To investigate further how such a large number of genes can have been proposed to be periodically expressed, I plotted how many of these genes are on how many of the lists of periodically expressed genes:

The histogram reveals that the majority of the over 4200 genes have been proposed by only one or two analyses. It seems reasonable to assume that the genes that have been proposed as periodically expressed by only one or a few methods are less likely to be correct than the ones that many methods agree on. Also, one could expect that taking the consensus of many methods would yield a more reliable answer than using just a single method.

To test these two hypotheses, I compared two different ways of identifying the periodically expressed genes:

  1. Ranking the genes based on a single scoring scheme that combines all the available experimental data (Gauthier et al., Nucleic Acids Res., 2008)
  2. Ranking the genes based on vote among 30 different methods (not 31; the analysis by Orlando and coworkers was left out of the voting as this dataset is not included in Cyclebase.org)

To benchmark the two methods, I compared the ranked lists to a set of target genes for cell-cycle transcrition factors identified in genome-wide ChIP-on-chip experiments and plotted the fraction of these that were identified as function of the number of genes proposed to be periodically expressed:

The plot confirms that genes proposed to be periodically by multiple methods are more likely to be targets of cell-cycle transcription factors, and are hence more likely to truly be subject to transcriptional cell-cycle regulation. However, it also shows that the list obtained by voting among 30 methods is a bit worse than what is obtained by using the single best method.

This result may come as a surprise to many since meta-servers that combine multiple prediction methods have in the past proven very successful for many other bioinformatics tasks. I suspect that the approach fails in this case for two reasons: first, many of the analyses included perform considerably worse than the best one, and second, most of the methods make use of only half of the available experimental data. It may thus be possible to obtain better results by selecting only a subset of the methods and rerunning each of them on all the available data. So far, however, dictatorship seems to work better than democracy for identification of periodically expressed genes.

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Analysis: Cell-cycle expression of cancer genes

I have long used a data integration approach to obtain a global picture of eukaryotic cell-cycle regulation. The cell cycle is a popular research topic in part because of its importance for cancer research. I thus recently compared microarray expression data on the human cell cycle to genes with mutations that have been causally implicated in various forms of cancer.

From the Cancer Genome Project website, I downloaded a list of 353 human genes that are implicated in cancer. Using the identifier mapping file from STRING, I was able to automatically map 338 of these genes to the set of human genes from Ensembl that I used in earlier cell-cycle studies. 295 of the 338 genes were present on the microarrays used in the cell-cycle expression study by Whitfield et al. (2002). However, only 23 of these are among the 600 periodically expressed genes identified in the reanalysis by Jensen et al. (2006). The many numbers are illustrated in the diagram below:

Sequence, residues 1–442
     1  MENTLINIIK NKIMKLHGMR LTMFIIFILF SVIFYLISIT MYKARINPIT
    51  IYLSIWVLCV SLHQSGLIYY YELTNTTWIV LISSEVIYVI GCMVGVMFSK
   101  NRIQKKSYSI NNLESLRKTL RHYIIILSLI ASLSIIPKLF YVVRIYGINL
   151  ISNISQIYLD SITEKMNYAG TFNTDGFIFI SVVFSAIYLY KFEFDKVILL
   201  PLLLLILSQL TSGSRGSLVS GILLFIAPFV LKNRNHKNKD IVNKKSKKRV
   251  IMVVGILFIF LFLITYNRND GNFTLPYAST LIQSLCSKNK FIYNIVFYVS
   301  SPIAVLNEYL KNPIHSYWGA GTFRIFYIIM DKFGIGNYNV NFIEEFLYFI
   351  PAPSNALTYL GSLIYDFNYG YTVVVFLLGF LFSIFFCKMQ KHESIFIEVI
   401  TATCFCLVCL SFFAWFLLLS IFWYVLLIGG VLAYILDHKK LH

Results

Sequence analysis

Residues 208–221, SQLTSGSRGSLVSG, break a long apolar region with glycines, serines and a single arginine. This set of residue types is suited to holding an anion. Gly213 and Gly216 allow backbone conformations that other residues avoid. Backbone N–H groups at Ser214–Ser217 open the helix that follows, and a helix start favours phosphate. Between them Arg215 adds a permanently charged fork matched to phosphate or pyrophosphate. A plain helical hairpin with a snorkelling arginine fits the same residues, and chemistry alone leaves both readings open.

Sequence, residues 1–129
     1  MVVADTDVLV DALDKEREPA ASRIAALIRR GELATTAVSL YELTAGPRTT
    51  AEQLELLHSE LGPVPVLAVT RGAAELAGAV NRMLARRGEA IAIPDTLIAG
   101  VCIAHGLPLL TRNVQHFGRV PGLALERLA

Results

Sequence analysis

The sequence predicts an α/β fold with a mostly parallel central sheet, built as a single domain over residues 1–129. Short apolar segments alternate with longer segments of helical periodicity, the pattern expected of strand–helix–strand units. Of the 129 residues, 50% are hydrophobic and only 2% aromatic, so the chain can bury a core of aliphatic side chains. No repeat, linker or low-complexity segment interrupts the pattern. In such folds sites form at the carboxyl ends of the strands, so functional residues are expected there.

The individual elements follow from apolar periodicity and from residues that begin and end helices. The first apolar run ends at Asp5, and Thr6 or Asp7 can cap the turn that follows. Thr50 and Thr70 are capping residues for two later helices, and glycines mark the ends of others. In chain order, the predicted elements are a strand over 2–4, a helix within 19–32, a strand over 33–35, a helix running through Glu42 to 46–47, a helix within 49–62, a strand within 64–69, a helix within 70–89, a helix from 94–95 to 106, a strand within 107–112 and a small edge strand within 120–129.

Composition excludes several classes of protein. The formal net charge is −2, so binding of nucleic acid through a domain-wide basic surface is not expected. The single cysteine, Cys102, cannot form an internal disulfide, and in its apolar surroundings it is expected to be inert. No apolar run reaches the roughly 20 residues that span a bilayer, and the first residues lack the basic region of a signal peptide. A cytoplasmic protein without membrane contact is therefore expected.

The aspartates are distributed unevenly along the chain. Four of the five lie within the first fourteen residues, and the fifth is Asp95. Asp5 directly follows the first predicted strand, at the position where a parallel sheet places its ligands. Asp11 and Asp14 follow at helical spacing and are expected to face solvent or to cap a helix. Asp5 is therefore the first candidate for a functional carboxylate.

By random chance, 295*600/12097 = 15 of the 295 genes would be expected to be periodically expressed, and the enrichment is thus only a bit over 1.5 fold. Although this enrichment is statistically significantly (P < 3%, Fisher’s exact test), the correlation is clearly not strong enough to allow prediction of novel cancer genes.

My step was to look at the evolutionary conservation of the 23 periodically expressed cancer genes. Only 12 of them belong to an orthologous group. Half of them do thus not appear to have orthologs in budding yeast, fission yeast, or Arabidopsis thaliana. Only three periodically expressed cancer genes have orthologs in all of these organisms. One of these genes is periodically expressed onlt in human, one in human and fission yeast, and one in all four organisms (a histone subunit).

In summary, it seems that one cannot say much about cancer based on cell-cycle mRNA expression data. This is perhaps not surprising considering that the transcriptional regulation does not seem to vary much between cancer cells and normal cells.

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Analysis: Cancer or not, cell-cycle expression stays the same

The groups of Ziv Bar-Joseph and Itamar Simon recently published a paper in PNAS on a new microarray study of the cell cycle of primary human fibroblasts:

Genome-wide transcriptional analysis of the human cell cycle identifies genes differentially regulated in normal and cancer cells

Characterization of the transcriptional regulatory network of the normal cell cycle is essential for understanding the perturbations that lead to cancer. However, the complete set of cycling genes in primary cells has not yet been identified. Here, we report the results of genome-wide expression profiling experiments on synchronized primary human foreskin fibroblasts across the cell cycle. Using a combined experimental and computational approach to deconvolve measured expression values into ‘‘single-cell’’ expression profiles, we were able to overcome the limitations inherent in synchronizing nontransformed mammalian cells. This allowed us to identify 480 periodically expressed genes in primary human foreskin fibroblasts. Analysis of the reconstructed primary cell profiles and comparison with published expression datasets from synchronized transformed cells reveals a large number of genes that cycle exclusively in primary cells. This conclusion was supported by both bioinformatic analysis and experiments performed on other cell types. We suggest that this approach will help pinpoint genetic elements contributing to normal cell growth and cellular transformation.